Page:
Validation.

Yesterday I worked with a client - her name is Heather.  Heather worked for 28 years as a cook in a retirement village.  She was a great cook, and was well liked by her co-workers and the residents of the nursing home.  At "happy-hour" time, Heather would work the bar and enjoyed catching up with her customers at the village.

Heather always struggled with her knees.  She had been on her feet for years and her knees were becoming more problematic.  Her employer tried to accommodate her as best as they could, but the kitchen and the bar are physical and eventually she could no longer continue.  In 2008, she was advised that she needed total knee replacements.  She had both knees replaced in 2008 and 2009.  The pain that she had in her hips and back were thought to have been radiating from her knees, was expected to resolve once she had the knee replacements and she was anxious to have the surgeries in order to get her life back. She was a golfer, enjoyed darts, and was a new grandmother. 

It was clear after the 54 physiotherapy visits after the surgeries, and the acupuncture, and the exercise and weight loss, and the medication, and her beloved Dr. Ho that she was not going to get back to her old job as a cook.  She was restricted by her physicians to 2-3 hours of work - 2 days a week.  She went back to her employer but they couldn't accommodate such a limited capacity to work.  She was broken-hearted and soon became depressed.  This lead to a number of other issues raising their head - more pain - more stress eating - more depression - limited sleep - the never-ending self-recrimination that she was unable to provide an income for her family.  She could not retrain, cooking was all she knew, and she had chosen that profession as in her words "book work never stuck with me"

She applied to Canada Pension Plan three times and was repeatedly denied.  She gave up after each denial as she was told she would get no where with the government.  She went on to have her hip replaced - and her back has serious degeneration due to arthritis.  She fights depression constantly and seeks mental health counselling.  She took injections in her back to see if that would help her pain.  She is on medication and she needs help to sleep.  And yet she continued to be denied.

A medical adjudicator from Canada Pension Plan called Heather and told her because the doctor said that she could work 2-3 hours, 2 days a week that she was indeed capable of working and that she did not qualify for a disability benefit. When Heather said that she could not work at the same level as  I am quoting directly from the file here the medical adjudicator who works for CPP says "Canada Pension Plan disability does not look at the level of earnings she could make, just whether or not she is able to work some type of job."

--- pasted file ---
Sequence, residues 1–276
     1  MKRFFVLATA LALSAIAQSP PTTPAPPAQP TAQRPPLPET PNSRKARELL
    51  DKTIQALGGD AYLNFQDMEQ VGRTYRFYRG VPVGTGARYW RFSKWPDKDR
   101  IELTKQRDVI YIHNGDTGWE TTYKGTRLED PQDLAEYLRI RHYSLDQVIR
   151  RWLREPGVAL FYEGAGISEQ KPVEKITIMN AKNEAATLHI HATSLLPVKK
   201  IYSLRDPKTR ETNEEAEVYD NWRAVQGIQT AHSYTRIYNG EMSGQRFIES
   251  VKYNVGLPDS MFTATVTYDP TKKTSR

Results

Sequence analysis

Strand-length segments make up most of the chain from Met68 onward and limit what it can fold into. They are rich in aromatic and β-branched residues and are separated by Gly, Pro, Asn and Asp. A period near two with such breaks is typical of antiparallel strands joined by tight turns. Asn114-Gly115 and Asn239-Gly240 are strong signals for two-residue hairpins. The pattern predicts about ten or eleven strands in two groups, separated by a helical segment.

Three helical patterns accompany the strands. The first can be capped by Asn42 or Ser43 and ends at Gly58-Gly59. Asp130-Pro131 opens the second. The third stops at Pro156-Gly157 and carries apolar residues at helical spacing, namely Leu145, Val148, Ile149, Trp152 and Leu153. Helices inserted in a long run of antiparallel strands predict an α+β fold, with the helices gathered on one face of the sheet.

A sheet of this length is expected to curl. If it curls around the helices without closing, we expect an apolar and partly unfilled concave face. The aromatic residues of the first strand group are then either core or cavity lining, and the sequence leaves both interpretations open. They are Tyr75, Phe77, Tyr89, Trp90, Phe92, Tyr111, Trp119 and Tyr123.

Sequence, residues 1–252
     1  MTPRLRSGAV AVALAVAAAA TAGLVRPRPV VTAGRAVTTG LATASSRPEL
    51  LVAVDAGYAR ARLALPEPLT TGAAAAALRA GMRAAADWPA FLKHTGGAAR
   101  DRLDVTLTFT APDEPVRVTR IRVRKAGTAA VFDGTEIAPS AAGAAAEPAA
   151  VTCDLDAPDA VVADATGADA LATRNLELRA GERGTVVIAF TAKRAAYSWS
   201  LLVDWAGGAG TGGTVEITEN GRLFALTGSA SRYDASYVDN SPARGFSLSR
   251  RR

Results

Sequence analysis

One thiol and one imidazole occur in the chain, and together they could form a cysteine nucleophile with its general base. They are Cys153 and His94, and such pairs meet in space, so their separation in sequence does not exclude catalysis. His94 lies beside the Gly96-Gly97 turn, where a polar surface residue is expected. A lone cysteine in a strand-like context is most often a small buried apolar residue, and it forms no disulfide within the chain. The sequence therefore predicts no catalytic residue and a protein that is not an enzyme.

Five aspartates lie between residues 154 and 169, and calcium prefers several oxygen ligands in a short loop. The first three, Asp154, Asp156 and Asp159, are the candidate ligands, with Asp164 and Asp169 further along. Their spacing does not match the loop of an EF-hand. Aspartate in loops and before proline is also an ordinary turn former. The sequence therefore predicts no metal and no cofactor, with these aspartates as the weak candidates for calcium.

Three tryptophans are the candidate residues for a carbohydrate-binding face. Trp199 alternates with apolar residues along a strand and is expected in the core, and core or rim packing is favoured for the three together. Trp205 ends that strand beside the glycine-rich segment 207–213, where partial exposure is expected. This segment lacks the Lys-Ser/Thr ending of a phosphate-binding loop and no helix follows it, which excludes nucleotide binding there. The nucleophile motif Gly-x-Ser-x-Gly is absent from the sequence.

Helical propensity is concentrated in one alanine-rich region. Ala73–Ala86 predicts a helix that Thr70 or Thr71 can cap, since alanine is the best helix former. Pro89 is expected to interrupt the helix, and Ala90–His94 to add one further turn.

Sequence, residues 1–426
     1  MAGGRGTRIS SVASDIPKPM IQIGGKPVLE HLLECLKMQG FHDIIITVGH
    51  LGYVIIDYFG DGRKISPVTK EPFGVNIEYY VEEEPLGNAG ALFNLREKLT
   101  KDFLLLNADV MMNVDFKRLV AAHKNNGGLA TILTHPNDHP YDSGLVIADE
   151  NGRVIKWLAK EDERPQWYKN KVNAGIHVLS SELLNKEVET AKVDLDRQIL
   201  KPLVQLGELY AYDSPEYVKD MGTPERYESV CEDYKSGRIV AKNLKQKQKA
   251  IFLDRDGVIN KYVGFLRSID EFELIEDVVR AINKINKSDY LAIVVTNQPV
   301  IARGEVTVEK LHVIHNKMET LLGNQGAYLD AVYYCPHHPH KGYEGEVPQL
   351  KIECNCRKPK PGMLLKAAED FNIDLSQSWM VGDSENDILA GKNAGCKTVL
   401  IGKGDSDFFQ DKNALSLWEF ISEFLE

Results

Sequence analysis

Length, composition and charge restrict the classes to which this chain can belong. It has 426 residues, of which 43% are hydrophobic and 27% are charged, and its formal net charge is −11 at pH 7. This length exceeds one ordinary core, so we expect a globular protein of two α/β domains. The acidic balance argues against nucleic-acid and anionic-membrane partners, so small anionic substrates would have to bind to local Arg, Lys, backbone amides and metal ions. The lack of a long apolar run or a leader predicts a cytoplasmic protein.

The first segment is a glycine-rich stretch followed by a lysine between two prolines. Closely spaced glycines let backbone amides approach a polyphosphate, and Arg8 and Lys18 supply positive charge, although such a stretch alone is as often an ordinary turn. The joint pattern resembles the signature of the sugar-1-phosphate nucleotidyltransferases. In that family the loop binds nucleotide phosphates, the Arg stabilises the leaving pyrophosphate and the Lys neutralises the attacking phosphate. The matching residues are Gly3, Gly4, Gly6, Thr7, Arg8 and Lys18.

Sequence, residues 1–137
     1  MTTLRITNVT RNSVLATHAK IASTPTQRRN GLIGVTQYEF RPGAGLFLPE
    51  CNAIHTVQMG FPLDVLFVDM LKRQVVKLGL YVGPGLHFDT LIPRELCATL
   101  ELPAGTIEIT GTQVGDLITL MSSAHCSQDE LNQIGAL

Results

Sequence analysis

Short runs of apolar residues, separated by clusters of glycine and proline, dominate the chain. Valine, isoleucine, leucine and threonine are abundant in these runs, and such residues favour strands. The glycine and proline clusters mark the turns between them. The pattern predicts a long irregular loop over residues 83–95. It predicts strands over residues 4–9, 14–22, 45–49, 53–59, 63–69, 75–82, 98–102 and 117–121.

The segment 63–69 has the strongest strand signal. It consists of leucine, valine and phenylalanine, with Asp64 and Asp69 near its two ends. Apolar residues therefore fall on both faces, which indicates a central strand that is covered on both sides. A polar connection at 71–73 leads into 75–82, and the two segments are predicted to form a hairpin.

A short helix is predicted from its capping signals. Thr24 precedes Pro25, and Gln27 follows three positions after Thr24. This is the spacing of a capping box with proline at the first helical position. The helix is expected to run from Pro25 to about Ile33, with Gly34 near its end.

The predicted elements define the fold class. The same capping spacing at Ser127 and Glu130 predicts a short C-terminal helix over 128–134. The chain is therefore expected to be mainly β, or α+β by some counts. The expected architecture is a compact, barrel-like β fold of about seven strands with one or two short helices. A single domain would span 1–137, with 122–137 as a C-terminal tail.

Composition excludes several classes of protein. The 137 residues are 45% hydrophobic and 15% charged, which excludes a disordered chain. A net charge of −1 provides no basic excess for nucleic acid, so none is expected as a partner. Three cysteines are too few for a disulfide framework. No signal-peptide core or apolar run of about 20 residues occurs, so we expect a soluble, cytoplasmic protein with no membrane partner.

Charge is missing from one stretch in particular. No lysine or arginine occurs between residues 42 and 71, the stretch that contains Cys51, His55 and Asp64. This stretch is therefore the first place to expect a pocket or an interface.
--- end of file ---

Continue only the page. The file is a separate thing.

This statement is in fact misinformation and this case-manager knows that.  The reason why I know that, is because I have been doing this work for twenty years and I recognize the medical adjudicator on file.  The adjudication guidelines talk about what a substantially gainful occupation is - actually there is a policy outlining it - and there are the allowable earnings provision which reflects the fact that some people only have the capacity to work in a limited way - as was the case with Heather.  So this medical adjudicator ignored the guidelines to deny a claim. This misinformation was included in the denial letter, and made up part of the Minister's submission that they included to defend their position to continue to deny this claim right to the hearing date.

Sadly this is not an isolated incident.

Heather and her husband appeared at the Social Security Tribunal hearing and were able to explain how Heather's medical condition has severely impacted their life.  Because Heather could no longer work, her husband was working two jobs in his early seventies to make ends meet.  When Heather was asked by the Tribunal Member if she had anything to say in closing - Heather spoke about how she was misled by the government, how she had paid in to the program for 28 years, how she was reduced to tears by the medical adjudicator who spouted the misinformation, how this decision prevented her from enjoying her life, how she had to scrape by to get Christmas gifts for her grandchildren, how she had always contributed to her family, how she has to use all of her RRSPs in order to survive and now she is left with no retirement funds.  She spoke about the pain that she was experiencing, the fact that she had done everything she could to regain her ability to work, but that she was quite simply disabled.  She said that she finally felt validated that she had the opportunity to speak her piece to the Tribunal Member.